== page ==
For Lon Chaney's talking picture debut and, ironically, what would prove to be his final film, MGM producer chief Irving G. Thalberg decided on a remake of a previous Chaney hit, The Unholy Three (1925). The new version exploited Chaney's stage-trained voice as well as his gift for vocal impersonations. In the course of the him, you can hear him as Mrs. O'Grady, a parrot, a girl at a carnival show, and the ventriloquist's dummy. In fact, he actually learned ventriloquism for his role in the film. Despite his virtuoso vocal prowess, there were rumors circulated prior to the film's release that Chaney did not speak in The Unholy Three and used a voice double. To prove this was untrue, Chaney signed an a notarized affidavit confirming that his voice and the four others he used in the film were indeed his own.

Except for the final courtroom scene and the ending, The Unholy Three is almost a scene for scene remake of the 1925 version directed by Tod Browning. The new version also proved to be a hit with the public and would have been the beginning of a promising new career in sound films for Chaney. Unfortunately, Chaney died seven weeks after the release of The Unholy Three from bronchial cancer.

Director: Jack Conway
Producer: Irving G. Thalberg
Screenplay: J.C. Nugent, Elliot Nugent
Cinematography: Percy Hilburn
Art Direction: Cedric Gibbons
Cast: Lon Chaney (Echo), Lila Lee (Rosie), Elliott Nugent (Hector), Harry Earles (Tweedledee), Ivan Linow (Hercules).
BW-72m.

by Jeff Stafford
The Unholy Three (1930)

The Unholy Three (1930)

When it comes to partners in crime on the screen, you won't find a weirder trio than The Unholy Three (1930). This triple threat consists of a midget, a strongman, and a ventriloquist named Echo who concoct an ingenious plan to fleece the homes of weathy people in the dead of night. Their base of operations is the pet store of an elderly woman named Mrs. O'Grady and if you think there is something strangely familiar about her, you're right. Mrs. O'Grady is none other than Echo in drag! For Lon Chaney's talking picture debut and, ironically, what would prove to be his final film, MGM producer chief Irving G. Thalberg decided on a remake of a previous Chaney hit, The Unholy Three (1925). The new version exploited Chaney's stage-trained voice as well as his gift for vocal impersonations. In the course of the him, you can hear him as Mrs. O'Grady, a parrot, a girl at a carnival show, and the ventriloquist's dummy. In fact, he actually learned ventriloquism for his role in the film. Despite his virtuoso vocal prowess, there were rumors circulated prior to the film's release that Chaney did not speak in The Unholy Three and used a voice double. To prove this was untrue, Chaney signed an a notarized affidavit confirming that his voice and the four others he used in the film were indeed his own. Except for the final courtroom scene and the ending, The Unholy Three is almost a scene for scene remake of the 1925 version directed by Tod Browning. The new version also proved to be a hit with the public and would have been the beginning of a promising new career in sound films for Chaney. Unfortunately, Chaney died seven weeks after the release of The Unholy Three from bronchial cancer. Director: Jack Conway Producer: Irving G. Thalberg Screenplay: J.C. Nugent, Elliot Nugent Cinematography: Percy Hilburn Art Direction: Cedric Gibbons Cast: Lon Chaney (Echo), Lila Lee (Rosie), Elliott Nugent (Hector), Harry Earles (Tweedledee), Ivan Linow (Hercules). BW-72m. by Jeff Stafford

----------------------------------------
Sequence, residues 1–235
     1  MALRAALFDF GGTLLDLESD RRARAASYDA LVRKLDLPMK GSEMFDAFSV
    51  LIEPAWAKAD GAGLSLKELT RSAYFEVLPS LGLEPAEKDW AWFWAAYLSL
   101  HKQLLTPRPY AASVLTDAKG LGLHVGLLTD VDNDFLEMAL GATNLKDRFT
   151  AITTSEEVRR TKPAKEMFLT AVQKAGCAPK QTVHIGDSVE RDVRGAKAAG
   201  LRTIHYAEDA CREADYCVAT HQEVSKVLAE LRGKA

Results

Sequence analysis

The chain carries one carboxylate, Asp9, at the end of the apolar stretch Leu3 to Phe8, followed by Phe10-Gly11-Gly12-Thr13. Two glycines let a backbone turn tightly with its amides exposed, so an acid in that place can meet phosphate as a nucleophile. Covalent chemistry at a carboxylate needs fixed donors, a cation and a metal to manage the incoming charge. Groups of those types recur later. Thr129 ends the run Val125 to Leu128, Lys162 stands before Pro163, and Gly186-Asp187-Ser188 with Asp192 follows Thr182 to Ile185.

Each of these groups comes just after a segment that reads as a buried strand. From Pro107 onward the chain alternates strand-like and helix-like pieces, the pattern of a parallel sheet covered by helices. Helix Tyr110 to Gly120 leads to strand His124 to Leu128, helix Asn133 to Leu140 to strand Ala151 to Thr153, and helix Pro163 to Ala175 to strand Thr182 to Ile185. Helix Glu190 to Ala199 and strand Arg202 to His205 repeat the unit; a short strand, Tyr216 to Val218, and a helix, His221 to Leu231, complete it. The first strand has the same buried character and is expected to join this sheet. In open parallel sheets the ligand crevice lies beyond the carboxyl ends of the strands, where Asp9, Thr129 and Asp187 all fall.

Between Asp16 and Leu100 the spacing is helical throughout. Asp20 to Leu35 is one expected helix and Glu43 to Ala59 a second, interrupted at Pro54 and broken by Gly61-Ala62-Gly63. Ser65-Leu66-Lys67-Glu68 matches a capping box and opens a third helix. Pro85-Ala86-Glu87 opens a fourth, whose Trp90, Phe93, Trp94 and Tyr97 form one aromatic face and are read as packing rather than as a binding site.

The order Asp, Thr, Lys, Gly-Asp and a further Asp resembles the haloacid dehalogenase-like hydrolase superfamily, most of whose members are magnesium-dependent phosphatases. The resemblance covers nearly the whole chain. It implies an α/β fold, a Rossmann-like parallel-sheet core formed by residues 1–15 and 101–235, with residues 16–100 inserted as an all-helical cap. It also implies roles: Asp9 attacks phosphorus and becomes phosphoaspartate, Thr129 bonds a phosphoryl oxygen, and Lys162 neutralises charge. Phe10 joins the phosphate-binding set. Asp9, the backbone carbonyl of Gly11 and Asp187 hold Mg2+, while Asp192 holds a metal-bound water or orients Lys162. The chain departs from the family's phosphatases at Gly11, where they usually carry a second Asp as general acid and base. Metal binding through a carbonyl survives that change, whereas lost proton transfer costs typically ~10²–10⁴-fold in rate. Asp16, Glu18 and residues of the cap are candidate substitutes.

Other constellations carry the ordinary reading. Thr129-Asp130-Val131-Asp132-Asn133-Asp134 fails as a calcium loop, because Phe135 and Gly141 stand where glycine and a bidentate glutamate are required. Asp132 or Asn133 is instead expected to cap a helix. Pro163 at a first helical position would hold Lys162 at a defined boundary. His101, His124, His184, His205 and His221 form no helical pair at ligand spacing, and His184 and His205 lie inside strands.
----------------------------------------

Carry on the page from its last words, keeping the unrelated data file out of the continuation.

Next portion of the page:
Quotes

Trivia

Notes

M-G-M made a silent adaptation of Clarence Aaron Robbins' novel in 1925. That version was directed by Tod Browning and also starred Lon Chaney and Harry Earles as "Echo" and "Tweedledee". Modern sources have called the 1930 version a shot-by-shot remake of the 1925 film, although Waldemar Young is credited with the screenplay of the silent film, while J. C. Nugent and Elliott Nugent (who also appeared in the 1930 picture as "Hector") are the only credited writers on the 1930 sound film.
       The 1930 production was the fifty-seven-year-old Chaney's only sound film, as well as his final film before his death on August 26, 1930. For additional information on Chaney, please consult the entry above for the 1957 Universal film Man of a Thousand Faces, directed by Joseph Pevney and starring James Cagney as Chaney. That biographical film's title referred to Chaney's well-known sobriquet, which alluded to the many film roles in which he wore heavy makeup and various disguises.
       Modern sources add the following actors to the cast: Jack Baxley, Ray Cooke, De Garo the Fire Eater, Trixie Friganza, Charles Gemora, Joseph W. Girard, Armand Kaliz, Sylvester the Sword Swallower, Birdie Thompson and Cecilia and Linda Parker.